Masters is also the author of two acclaimed collections of short stories. Of the first, Hammertown Tales, Carol Ames wrote in the New York Times Book Review: "This book of fine stories traces its lineage" to Sherwood Anderson's Winesburg, Ohio and beyond to the Spoon River Anthology. Hammertown Tales offers a series of stories, all by different narrators but all set in a fictitious small New York town. Kelsey observed: "Because the short stories are tied together by their setting, Masters is able to provide a sweeping view of Hammertown from various angles. Masters avoids omniscient narration; he tells each story from a different, singular viewpoint, thus providing a broad perspective of Hammertown. With each story, the various levels of reality within Hammertown are added."

In the New York Times Book Review Constance Decker Thompson praised Masters' Success: New and Selected Short Stories, describing the book as "erudite, engaging and lovingly detailed." The stories in Success are "cagey, lucid, and rock-solid tales to engage, challenge, instruct, and delight," according to Harvard Review contributor Susan Dodd. Comparing Masters' selection with the short fiction of writers Alice Munro and Peter Taylor, she concluded: "The stories of Success yield the depth and complexity of novels. Hilary Masters writes, always, of place and memory, of time and change. His homeground is the rocky yet fertile soil of human connection and the soul's persistent striving toward it, a striving that on this earth's terms must pass, for now, for salvation." Kelsey concluded of Masters' short fiction in general: "While his autobiography and some of his essays have received broader recognition, his short fiction is exceptional, not to be circumvented in favor of his other work."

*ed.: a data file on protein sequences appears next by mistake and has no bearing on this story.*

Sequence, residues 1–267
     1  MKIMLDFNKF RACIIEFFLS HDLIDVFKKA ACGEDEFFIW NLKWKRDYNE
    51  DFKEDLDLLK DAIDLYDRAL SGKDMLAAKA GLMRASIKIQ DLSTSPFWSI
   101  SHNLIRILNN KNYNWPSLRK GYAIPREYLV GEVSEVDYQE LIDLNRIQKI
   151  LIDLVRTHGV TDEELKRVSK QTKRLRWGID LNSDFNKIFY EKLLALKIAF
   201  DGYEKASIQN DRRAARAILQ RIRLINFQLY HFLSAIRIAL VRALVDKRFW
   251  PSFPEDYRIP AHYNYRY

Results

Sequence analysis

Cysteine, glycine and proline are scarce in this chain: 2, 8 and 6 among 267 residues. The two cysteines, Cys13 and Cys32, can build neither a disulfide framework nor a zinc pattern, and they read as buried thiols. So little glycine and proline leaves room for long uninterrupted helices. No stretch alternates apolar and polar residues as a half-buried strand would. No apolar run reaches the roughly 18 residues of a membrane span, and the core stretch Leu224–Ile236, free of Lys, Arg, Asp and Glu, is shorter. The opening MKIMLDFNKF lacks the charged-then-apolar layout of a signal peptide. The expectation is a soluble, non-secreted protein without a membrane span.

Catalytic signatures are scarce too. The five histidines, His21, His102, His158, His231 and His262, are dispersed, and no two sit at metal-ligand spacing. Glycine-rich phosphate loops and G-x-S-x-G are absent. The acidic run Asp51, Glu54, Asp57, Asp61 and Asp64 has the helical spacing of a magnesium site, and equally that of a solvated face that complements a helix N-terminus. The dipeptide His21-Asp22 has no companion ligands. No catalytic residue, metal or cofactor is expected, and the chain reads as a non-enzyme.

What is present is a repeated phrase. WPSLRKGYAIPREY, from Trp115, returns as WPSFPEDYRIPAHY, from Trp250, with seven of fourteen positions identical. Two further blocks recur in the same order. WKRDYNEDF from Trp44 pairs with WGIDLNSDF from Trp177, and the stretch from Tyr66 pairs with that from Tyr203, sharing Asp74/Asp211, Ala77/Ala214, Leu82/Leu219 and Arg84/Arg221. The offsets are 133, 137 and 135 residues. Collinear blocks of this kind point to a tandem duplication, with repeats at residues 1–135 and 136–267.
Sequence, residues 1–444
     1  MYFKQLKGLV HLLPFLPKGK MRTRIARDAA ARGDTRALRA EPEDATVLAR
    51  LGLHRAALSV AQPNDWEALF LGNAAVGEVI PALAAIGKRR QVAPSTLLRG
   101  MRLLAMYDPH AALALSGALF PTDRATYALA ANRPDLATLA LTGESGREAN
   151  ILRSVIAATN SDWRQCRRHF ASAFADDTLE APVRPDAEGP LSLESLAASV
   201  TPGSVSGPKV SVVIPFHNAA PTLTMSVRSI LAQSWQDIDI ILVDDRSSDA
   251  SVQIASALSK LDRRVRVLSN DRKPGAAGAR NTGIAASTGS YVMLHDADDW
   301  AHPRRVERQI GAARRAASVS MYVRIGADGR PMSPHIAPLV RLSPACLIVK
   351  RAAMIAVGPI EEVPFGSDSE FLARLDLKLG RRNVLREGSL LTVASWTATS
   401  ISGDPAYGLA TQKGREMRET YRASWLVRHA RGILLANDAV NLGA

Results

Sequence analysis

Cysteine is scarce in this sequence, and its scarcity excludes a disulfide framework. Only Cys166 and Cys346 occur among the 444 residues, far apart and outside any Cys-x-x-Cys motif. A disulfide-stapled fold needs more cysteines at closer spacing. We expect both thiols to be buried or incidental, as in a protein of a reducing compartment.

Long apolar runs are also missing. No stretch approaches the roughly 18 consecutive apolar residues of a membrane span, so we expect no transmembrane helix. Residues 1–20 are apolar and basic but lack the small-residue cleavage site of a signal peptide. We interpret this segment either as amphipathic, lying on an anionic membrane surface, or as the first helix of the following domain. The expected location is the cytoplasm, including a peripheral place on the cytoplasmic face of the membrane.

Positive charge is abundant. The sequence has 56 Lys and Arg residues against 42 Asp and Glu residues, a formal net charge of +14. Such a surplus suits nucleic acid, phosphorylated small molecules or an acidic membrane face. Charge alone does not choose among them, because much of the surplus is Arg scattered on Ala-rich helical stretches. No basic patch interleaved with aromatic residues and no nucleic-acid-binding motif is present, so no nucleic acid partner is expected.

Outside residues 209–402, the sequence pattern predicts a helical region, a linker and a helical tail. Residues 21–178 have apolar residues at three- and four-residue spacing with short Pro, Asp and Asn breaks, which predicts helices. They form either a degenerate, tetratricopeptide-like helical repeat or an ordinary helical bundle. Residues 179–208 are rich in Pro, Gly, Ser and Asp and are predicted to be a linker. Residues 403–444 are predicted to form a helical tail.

Some of Masters' essays are collected in In Montaigne's Tower. The title refers to the famous French essayist Montaigne, an author Masters highly admires. In his review of the book for the Pittsburgh Post-Gazette, Samuel Hazo wrote: "Like Montaigne, Masters in essay after essay pursues the dispassionate art of inquiry. He weighs alternatives in a quest to discover what he really knows. He does this not as a scion of his father but as his own man, which any objective reader of his work can see was the case from the beginning…. These are the essays of a brave man. All of them together constitute a brave, keepable and collectable book."

Noting that he has rarely written or discussed the fate that made him a famous poet's son, Masters once told CA: "Since my first novel, The Common Pasture, I have endeavored to keep the chance ‘acquaintance’ with my father, the poet of Spoon River Anthology, off of book flaps and out of publishers' blurbs. This insistence has been the bane of book publicists and marketers, but I did not wish to be looked at as a curio, if not a freak; certainly, my intention was not to claim special privilege or attention. But Cecil Scott, bless him, was then the editor-in-chief at Macmillan, and he insisted this biographical fact appear on this decent, little novel. I had little to say about it. And so the damage, if you will, was done.

"Nor have I written specifically about my father as I could have—another book for the list. He does appear as one of the four characters in my family biography, Last Stands: Notes from Memory; he could hardly be omitted. However, he is by no means the most important character in the book, and as Donald Hall points out in his review, this post was gradually assumed in the course of the narrative by the mother.